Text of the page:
U.S. President Barack Obama is open to visiting to Cuba in 2016 but first wants to see ordinary citizens there enjoy more personal freedoms, he said in an interview released on Monday. (Reuters Photo/Jonathan Ernst)

In the Great Game for Southeast Asia, Which Trade Acronym Will Take the Prize?


NOVEMBER 29, 2015

Jakarta. Building up disaster resilience in Indonesia should go hand in hand with economic development, and Japan is perfectly placed to help out with both, members of a high-level delegation visiting from the land of the rising sun tried to hammer home in Jakarta this week, just a month before the Association of Southeast Asian Nations (Asean) moves toward economic integration.

Japanese competition with China for influence in Southeast Asia is heating up. And apart from boosting bilateral ties, a key part of this battle revolves around which countries will join the US-dominated Trans-Pacific Partnership (TPP) and who will choose the China-backed Regional Comprehensive Economic Partnership (RCEP).

Under pressure from the pivotal Asia-Pacific powers, and facing the prospect of trade agreements that will certainly eclipse the coming Asean Economic Community (AEC), policy makers across the region now have to decide which camp to join, and whether or not it still makes sense to bet on Southeast Asia’s own project.

‘We’ll never forget’

A Japanese delegation of over 1,000 was in Indonesia this past week, led by Toshihiro Nikai, the chairman of Prime Minister Shinzo Abe’s Liberal Democratic Party's General Council, and Economy, Trade and Industry Minister Motoo Hayashi.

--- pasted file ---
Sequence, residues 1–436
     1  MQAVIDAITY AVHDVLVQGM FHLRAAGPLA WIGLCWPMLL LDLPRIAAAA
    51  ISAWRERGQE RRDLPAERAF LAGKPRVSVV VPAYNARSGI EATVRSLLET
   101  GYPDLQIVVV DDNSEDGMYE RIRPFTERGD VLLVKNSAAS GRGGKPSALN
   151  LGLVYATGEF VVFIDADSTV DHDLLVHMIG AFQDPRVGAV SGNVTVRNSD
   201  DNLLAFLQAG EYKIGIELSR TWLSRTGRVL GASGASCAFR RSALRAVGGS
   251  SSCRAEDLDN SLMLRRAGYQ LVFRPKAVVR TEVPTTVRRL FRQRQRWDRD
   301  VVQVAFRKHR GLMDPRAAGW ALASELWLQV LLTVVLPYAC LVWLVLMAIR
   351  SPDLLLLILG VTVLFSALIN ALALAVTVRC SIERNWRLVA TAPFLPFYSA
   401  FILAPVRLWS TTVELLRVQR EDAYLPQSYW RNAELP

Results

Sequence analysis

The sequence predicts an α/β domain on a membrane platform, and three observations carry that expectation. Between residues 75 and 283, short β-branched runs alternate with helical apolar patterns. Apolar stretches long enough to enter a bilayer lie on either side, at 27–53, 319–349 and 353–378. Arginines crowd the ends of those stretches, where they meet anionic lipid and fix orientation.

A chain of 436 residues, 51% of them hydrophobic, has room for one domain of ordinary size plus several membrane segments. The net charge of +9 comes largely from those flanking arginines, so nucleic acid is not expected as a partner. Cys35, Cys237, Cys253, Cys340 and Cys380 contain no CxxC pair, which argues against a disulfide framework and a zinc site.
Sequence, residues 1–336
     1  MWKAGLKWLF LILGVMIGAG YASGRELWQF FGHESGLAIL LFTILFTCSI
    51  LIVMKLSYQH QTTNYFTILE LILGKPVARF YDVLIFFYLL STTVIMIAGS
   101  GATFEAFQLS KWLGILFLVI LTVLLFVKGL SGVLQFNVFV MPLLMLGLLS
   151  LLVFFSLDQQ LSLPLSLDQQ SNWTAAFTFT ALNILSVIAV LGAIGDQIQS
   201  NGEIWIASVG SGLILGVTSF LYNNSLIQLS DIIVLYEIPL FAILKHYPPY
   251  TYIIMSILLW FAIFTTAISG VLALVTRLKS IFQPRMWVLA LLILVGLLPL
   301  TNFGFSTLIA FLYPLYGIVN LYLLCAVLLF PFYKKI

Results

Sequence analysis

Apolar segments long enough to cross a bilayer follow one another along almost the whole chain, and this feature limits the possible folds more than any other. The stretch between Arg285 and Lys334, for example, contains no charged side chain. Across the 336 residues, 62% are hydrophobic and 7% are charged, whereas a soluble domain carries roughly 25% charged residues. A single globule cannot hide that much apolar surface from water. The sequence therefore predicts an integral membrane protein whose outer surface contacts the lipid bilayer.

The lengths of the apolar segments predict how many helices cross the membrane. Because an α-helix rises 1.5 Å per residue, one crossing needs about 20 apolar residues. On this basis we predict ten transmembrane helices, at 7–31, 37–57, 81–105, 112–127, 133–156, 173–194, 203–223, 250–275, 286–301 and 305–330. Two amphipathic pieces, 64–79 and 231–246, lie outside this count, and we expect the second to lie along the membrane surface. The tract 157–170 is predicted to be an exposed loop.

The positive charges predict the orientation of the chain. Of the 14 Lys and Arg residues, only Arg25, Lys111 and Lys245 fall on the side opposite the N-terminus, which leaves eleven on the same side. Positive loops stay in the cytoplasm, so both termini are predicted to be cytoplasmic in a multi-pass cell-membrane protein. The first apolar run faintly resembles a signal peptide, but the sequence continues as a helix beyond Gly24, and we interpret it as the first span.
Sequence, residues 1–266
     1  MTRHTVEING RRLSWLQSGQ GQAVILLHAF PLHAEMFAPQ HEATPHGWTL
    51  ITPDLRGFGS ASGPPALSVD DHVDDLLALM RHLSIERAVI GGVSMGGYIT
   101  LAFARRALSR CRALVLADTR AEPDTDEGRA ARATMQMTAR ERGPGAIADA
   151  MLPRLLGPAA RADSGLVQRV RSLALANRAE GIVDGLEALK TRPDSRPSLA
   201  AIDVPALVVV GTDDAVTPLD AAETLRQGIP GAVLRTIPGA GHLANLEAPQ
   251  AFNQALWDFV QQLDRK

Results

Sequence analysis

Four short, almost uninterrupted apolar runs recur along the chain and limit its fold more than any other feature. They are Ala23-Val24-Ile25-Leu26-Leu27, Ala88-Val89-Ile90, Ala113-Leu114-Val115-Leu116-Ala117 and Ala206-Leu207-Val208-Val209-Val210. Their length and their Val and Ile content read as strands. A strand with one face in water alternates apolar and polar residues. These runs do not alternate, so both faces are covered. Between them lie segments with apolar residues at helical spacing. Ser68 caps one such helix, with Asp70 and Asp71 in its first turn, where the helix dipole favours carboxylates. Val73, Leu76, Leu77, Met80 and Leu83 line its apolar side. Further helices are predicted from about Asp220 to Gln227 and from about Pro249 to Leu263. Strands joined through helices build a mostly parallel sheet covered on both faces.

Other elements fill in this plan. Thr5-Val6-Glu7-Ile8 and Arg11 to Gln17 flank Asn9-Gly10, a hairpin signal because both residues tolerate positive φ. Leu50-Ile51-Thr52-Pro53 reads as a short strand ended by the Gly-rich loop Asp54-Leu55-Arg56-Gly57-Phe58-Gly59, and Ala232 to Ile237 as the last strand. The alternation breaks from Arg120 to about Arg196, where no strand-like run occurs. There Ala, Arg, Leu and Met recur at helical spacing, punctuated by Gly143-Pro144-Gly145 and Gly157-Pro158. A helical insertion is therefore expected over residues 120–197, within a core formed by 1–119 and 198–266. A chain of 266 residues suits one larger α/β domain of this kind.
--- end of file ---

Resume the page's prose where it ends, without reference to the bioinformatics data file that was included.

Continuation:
Nikai is one of Japan’s most powerful politicians and on Monday was awarded the Bintang Jasa Utama medal by President Joko Widodo, at the State Palace.

At a symposium on Indonesia’s disaster resilience, held in Jakarta on Tuesday, the LDP executive stressed how much Japan appreciated Indonesia’s help after the devastating March 11, 2011, earthquake and tsunami.

Indonesia sent a team of 15 rescue personnel.

“We will never be able to forget that,” said Nikai, speaking through a translator, adding that boosting disaster resilience should always take place within the framework of international cooperation.

Hayashi, the economy minister, said that “economic development and national resilience are two sides of the same coin.”

Southeast Asian integration

The high-level Japanese visit came as Asean prepares to take its next step toward regional integration, with the AEC set to come into effect at the end of the year.

In the meantime, the United States and its long-time strategic partner Japan are promoting the TPP, which is broadly regarded as a mechanism aimed at diminishing China’s influence in the Asia-Pacific region. China is not included in the TPP and has instead been pushing the RCEP, which includes the ten Asean member states as well as China, Japan, South Korea, India, Australia and New Zealand.

Insiders say the AEC cannot be compared with steps Europe has taken, as the Asean project is more of a blueprint than a legal framework, but a senior Indonesian official says it is “a reality now.”